As Shiloh Temple celebrates 90 years in Minneapolis, congregation looks to the future
Pickens walked through the gates of Shiloh Temple over two decades ago.
“I just saw people evolve and become better,” he said.
Pickens said joining the church shaped her life, inspiring her to give back.
“Bishop Hall has become a father figure to me. I served here in the church and all the things that I do now in the community are due to the work that I have done here in the church, ”said Pickens.
“We don’t have all the answers, but we certainly have a presence to make a difference in lives,” said Bishop Richard Howell.
Howell has been the pastor of international ministries at the Shiloh Temple since 1980. His grandparents founded the church in Minneapolis.
“It’s exhilarating, mixed emotions. I think of the church when it started in the 1930s, ”he said.
Fast forward to 2021, Howell said the church has evolved and planted new seeds in the community.
Most recently, I took on a new assignment to reduce violence in North Minneapolis.
“It is going to take time. It is one of the most difficult problems we have had to face,” he said.
The 21 Days of Peace initiative started in May. It is an effort created by religious leaders to take guns off the streets and make neighborhoods safer.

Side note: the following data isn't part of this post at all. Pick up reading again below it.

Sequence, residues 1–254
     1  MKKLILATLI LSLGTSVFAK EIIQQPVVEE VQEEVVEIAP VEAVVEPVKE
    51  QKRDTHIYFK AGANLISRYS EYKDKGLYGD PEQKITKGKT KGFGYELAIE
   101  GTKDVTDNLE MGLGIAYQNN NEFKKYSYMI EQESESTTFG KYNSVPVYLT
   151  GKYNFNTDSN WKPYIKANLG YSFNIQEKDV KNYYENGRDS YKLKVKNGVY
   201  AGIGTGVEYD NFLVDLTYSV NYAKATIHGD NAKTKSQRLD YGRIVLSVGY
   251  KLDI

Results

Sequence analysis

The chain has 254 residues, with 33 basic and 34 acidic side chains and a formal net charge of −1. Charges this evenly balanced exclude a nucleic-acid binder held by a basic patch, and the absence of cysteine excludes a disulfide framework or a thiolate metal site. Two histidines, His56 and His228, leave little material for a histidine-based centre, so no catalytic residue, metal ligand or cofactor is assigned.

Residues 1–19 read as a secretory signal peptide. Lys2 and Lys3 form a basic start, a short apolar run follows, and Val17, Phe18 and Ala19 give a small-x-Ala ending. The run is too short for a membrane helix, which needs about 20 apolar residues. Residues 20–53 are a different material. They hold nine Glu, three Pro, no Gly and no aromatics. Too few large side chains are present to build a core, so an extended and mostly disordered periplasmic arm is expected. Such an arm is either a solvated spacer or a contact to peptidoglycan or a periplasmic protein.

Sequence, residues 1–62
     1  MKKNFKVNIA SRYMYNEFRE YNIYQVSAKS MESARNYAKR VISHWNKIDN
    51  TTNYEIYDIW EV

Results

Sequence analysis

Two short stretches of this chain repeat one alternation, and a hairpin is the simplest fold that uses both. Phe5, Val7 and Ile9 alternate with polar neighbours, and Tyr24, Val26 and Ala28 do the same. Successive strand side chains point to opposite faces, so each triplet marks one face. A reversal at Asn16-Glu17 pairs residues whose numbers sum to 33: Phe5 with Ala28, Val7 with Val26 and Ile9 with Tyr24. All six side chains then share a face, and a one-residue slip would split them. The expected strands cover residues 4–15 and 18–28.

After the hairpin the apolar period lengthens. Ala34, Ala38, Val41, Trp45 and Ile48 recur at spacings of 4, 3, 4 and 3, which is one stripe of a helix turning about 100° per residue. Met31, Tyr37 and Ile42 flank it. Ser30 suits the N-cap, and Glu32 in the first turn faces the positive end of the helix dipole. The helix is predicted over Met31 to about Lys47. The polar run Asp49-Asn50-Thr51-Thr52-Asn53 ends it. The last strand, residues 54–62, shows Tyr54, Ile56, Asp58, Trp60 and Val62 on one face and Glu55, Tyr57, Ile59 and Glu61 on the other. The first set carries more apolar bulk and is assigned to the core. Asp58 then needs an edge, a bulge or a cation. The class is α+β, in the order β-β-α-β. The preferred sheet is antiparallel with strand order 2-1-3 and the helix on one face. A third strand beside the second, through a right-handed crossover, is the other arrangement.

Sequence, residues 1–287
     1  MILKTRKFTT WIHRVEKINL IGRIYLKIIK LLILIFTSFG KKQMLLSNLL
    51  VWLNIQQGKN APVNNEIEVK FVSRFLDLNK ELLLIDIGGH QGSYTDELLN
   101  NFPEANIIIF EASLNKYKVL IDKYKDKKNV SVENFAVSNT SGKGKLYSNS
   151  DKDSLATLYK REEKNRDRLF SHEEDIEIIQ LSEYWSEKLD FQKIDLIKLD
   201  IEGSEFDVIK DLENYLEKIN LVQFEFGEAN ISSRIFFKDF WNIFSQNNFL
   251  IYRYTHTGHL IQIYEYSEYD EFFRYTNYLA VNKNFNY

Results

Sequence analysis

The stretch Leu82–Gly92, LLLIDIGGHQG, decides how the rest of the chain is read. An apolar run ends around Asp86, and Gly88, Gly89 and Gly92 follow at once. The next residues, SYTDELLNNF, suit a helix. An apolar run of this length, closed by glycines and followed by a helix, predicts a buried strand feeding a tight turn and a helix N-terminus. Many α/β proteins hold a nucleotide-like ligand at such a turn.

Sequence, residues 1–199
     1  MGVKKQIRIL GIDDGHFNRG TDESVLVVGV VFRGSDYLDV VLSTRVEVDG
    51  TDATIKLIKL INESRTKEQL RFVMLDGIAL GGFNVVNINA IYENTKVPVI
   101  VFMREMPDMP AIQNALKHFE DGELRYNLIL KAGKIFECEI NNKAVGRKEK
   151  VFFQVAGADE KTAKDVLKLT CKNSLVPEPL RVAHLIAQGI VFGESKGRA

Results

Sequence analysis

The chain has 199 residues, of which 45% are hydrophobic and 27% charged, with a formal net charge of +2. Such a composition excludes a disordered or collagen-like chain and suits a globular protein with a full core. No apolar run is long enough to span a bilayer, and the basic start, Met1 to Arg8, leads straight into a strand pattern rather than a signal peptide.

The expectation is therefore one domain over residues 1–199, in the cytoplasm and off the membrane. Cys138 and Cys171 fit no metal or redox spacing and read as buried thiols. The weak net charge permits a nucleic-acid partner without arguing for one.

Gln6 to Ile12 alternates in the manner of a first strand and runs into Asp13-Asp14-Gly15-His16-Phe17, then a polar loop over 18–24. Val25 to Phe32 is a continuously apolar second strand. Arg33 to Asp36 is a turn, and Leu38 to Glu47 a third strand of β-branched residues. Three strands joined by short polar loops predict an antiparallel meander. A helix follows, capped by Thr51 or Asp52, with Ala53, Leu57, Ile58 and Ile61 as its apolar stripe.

Howell said having a presence in the community lays a foundation for change.
“Reach out to those who are disadvantaged, reach out to the excluded and marginalized. I don’t care who they are. We need to have a deeper compassion for them, ”Howell said.
In order to keep up with the times, he explained that churches need to find new ways to engage with the community.
He says the Shiloh Temple will keep the momentum going and work towards a better future.
“These 90 years are wonderful, but what good is it if we fail in 91? It was good in the past, but we are not talking about the past now, ”he said. “We need to move forward and continue to be as dynamic and effective as we have been for the past 90 years.”